In Germany, the federal agency in charge of disease control has teamed up with a health-tech startup called Thryve to create an app Corona-Datenspende (which translates roughly to Corona data donation). The app works across most wearable platforms and gathers data based on wearers heart rate, blood pressure, temperature and certain socio-demographic data like age, weight and gender.
In France, the government has released a smartphone app called StopCovid which will be voluntarily downloaded and similar to the aforementioned Google / Apple piece, it will use the device’s bluetooth to track when people come into contact with somebody who is infected. One possible wrinkle here is that French law currently bars smartphone tracking, with several French lawmakers stating that they remain opposed to geo-tracking citizens.
One of the many tin-foil narratives circulating about the Coronavirus is that newly deployed 5G networks cause it to spread more virulently. Enough people believe this that it has resulted in people setting fires to multiple 5G towers in the UK.
People are going to believe stupid things, and the rational response is simply let people believe stupid things and to just deal with them when that translates into doing stupid things.
But now the tech platforms are stepping in and quashing content that discusses 5G and Coronavirus, and that to me is deeply troubling, for many reasons.
Here’s the shortlist:
Material that discusses meta issues of the 5G and Coronavirus will likely be suppressed (like the ramifications of the narrative itself)
Anybody who would otherwise actually undertake a serious analysis or peer reviewed study of it will be discouraged, or suppressed
The pejorative timbre of the branding and suppression of non-conforming views taints all other non-conforming views, even those that might have some merit.
Zoom’s problems around security and privacy continue
The hits keep on coming for Zoom. After the litany of privacy and PR disasters we reported in last week’s edition of #AxisOfEasy, more bad news kept rolling in:
Google has banned use of Zoom within the organization on company laptops
Singapore has also banned Zoom after pranksters Zoom-bombed some online school sessions with pr0nography
One of Zoom’s own shareholders has sued the company alleging they hid privacy and security flaws
In last week’s article on VPN provider tracking I fundamentally misunderstood the source material for that piece. The entire article regarding trackers, screen recordings, et al do not refer to the actual VPN tunnels you buy from these providers, they refer to the VPN provider’s websites themselves.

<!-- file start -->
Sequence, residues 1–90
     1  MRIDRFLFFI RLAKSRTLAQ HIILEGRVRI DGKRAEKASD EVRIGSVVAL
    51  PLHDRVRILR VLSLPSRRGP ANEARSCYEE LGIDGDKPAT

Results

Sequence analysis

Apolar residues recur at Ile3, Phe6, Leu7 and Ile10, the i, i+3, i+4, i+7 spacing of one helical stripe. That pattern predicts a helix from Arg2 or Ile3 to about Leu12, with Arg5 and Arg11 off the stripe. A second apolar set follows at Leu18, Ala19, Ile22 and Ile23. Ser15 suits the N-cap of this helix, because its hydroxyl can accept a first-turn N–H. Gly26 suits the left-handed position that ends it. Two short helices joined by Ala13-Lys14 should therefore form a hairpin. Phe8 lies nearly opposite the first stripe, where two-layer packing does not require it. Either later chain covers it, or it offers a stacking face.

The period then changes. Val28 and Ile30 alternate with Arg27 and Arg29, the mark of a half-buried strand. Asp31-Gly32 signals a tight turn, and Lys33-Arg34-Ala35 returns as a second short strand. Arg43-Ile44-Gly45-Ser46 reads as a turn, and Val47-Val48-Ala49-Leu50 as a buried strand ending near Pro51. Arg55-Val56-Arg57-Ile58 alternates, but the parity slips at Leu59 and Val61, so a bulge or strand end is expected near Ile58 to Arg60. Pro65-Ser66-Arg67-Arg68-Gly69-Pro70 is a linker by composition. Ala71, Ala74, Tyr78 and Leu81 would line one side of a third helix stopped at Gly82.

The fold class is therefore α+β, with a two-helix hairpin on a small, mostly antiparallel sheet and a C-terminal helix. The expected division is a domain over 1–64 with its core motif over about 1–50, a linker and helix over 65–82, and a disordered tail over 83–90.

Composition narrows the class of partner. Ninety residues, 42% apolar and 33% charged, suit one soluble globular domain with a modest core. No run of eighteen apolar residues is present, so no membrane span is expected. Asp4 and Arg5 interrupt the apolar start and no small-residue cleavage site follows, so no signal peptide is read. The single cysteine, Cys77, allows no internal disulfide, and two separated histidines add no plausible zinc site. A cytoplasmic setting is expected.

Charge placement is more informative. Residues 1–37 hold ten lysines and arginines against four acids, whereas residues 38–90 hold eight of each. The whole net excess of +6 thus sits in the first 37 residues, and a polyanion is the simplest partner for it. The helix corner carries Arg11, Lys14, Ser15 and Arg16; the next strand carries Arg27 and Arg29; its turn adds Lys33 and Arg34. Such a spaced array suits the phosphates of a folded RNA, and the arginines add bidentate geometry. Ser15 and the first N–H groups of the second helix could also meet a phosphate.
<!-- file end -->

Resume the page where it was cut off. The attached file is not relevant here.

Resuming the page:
Apologies for this significant error in reporting. Thanks to Sean and others who pointed this out via the blog and email. We’ve posted a similar correction to last week’s blog post.
Here comes another virus spreading fast out of China, only this time it’s an IoT botnet called dark_nexus.
IoT botnets have been responsible for some of the most devastating internet attacks in the past. When DNS provider Dynect got knocked off the Internet completely, for an entire day, it was because of the Mirai botnet, which was comprised of IoT devices.
Researchers are tracking the spread of dark_nexus, which is at the moment, most densely concentrated in China. The botnet re-uses some code from the Mirai and Qbot infections but is mostly original code that is authored in a way to make it “particularly potent and robust”.
Original report: https://www.bitdefender.com/files/News/CaseStudies/study/319/Bitdefender-PR-Whitepaper-DarkNexus-creat4349-en-EN-interactive.pdf
Last week Google Cloud services crashed for awhile, I’d be exaggerating if I said it brought down the entire internet but it did take out a decent sized chunk of it, including Gmail, Snapchat and Nest. It’s the third such outage in as many weeks. This just goes to show that even the biggest most cutting edge companies can struggle to keep up with the surge in demand that global remote work is placing upon networks.
Google later attributed the outage to a router failure in Atlanta.
Team easyDNS continues to chug along and do its bit in collective efforts going on globally to undertake molecular folding calculations on behalf of the Fold@Home project, which is contributing the networked computing power toward Coronavirus efforts.
We now have five contributors who have generated over 1 million credits:
..and our team ranking is now 2,833 out of 250,246. Thanks to all who are joining the call, and if you want to get involved, head to the Fold@Home page and then join team #248458